Software Escrow--Finally Coming of Age in Europe
by Stephan Peters *
The concept of software escrow--maintaining the source code to protect the intellectual property (IP) of developers and offering insurance for IT-investments commissioned by licensees--is recently gaining notable traction here in Europe. In the US, the concept has been discussed and used as an effective tool to enhance business in the software and licensing industry for over twenty years. This article will offer some background on the current shift taking place in Europe and point out the remaining obstacles which stand in the way of escrow evolving to its true potential; it will also state a strong request directed towards the European legislator.
Several factors explain the differing development of escrow in the US and Europe. Firstly, the concept of software made for hire, i.e. the development of specific applications for one company, used to be much more widespread in Europe. As a result, escrow was rarely needed because those deals typically included the handover of the source code. Today, the trend to standardized software applications, which are sold to and used by more than one licensee, has become ubiquitous, one obvious reason for this being the ability to spread development and maintenance costs among several users. Under the newer model, however, it makes sense for the developer to protect its IP and to retain the source code, which potentially leaves the licensee without proper protection in case the licensor can no longer maintain the software.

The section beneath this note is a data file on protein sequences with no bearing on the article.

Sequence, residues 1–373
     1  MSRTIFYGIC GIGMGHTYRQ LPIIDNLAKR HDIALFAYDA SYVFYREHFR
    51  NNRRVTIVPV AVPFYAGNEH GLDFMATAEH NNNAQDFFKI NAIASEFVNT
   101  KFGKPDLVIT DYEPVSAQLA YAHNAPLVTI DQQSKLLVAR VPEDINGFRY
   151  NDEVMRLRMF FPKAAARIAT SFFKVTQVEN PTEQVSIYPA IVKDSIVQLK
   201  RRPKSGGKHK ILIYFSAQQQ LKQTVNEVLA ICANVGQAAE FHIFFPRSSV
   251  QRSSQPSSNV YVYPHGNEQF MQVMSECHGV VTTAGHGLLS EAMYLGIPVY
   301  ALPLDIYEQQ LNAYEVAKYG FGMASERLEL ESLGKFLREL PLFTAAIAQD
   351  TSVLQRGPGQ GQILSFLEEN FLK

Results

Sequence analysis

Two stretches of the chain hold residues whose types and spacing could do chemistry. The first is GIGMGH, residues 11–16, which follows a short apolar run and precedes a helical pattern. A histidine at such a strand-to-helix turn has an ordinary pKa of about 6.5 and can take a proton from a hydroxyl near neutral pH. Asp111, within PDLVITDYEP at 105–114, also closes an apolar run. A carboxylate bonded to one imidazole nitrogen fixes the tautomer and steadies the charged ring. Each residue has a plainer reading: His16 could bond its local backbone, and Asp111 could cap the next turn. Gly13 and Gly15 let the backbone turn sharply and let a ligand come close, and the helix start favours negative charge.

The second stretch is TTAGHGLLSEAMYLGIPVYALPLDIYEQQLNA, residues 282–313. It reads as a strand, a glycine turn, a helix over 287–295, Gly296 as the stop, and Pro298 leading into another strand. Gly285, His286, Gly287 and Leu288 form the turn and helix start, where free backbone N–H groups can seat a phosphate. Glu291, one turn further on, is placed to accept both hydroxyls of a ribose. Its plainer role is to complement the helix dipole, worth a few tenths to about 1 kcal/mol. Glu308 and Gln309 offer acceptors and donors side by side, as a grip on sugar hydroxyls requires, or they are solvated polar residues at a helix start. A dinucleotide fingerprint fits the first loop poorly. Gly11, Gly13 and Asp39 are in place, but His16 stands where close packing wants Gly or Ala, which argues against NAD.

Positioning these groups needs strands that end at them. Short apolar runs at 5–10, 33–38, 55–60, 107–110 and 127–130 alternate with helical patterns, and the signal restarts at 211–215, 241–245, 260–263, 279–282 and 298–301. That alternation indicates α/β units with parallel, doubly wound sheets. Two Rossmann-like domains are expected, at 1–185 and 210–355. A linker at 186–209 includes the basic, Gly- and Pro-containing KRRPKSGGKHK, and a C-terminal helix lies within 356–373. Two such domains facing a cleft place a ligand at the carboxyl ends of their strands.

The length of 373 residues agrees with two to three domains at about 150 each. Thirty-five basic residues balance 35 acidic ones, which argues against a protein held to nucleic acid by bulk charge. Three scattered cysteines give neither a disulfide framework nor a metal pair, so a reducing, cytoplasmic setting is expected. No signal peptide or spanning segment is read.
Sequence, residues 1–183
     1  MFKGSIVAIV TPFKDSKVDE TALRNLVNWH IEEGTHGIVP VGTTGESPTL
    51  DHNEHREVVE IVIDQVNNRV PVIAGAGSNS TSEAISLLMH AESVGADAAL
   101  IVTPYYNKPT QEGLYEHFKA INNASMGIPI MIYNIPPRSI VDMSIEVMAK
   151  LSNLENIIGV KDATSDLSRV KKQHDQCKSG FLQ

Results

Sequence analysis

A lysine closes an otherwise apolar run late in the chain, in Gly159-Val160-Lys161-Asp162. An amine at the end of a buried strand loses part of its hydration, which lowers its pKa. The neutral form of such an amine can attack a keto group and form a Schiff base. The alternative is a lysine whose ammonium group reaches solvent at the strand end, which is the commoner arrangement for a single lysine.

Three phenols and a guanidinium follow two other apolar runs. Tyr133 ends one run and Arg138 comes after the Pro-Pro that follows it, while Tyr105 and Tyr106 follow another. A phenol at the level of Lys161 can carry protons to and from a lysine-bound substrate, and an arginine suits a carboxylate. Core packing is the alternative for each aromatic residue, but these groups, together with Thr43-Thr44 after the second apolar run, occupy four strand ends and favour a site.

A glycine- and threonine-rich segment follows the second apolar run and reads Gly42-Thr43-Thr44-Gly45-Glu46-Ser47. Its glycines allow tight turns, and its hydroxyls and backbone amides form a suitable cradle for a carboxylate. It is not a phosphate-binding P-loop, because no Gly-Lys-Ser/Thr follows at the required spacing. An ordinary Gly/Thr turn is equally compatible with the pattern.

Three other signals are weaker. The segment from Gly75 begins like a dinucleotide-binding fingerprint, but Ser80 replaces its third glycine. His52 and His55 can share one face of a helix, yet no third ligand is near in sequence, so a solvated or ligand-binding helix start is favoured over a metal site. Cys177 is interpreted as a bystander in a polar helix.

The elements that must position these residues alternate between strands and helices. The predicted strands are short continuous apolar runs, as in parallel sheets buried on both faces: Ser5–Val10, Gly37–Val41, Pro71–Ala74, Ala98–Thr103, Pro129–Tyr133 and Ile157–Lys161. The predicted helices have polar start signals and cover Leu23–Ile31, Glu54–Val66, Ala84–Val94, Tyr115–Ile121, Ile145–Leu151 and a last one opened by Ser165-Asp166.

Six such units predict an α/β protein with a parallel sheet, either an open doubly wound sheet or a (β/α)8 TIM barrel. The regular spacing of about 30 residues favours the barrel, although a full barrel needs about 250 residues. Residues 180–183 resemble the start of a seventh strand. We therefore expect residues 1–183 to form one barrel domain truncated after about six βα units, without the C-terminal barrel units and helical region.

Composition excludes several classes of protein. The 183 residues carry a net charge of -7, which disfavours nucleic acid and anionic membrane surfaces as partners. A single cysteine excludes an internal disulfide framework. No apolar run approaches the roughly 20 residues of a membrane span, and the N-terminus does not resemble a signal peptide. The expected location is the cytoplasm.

Secondly, Europe used to have a lot less insolvencies than the US, thus the overall awareness for the business risks associated with software licensing was less developed. A look at recent insolvency statistics shows that this parameter has changed as well.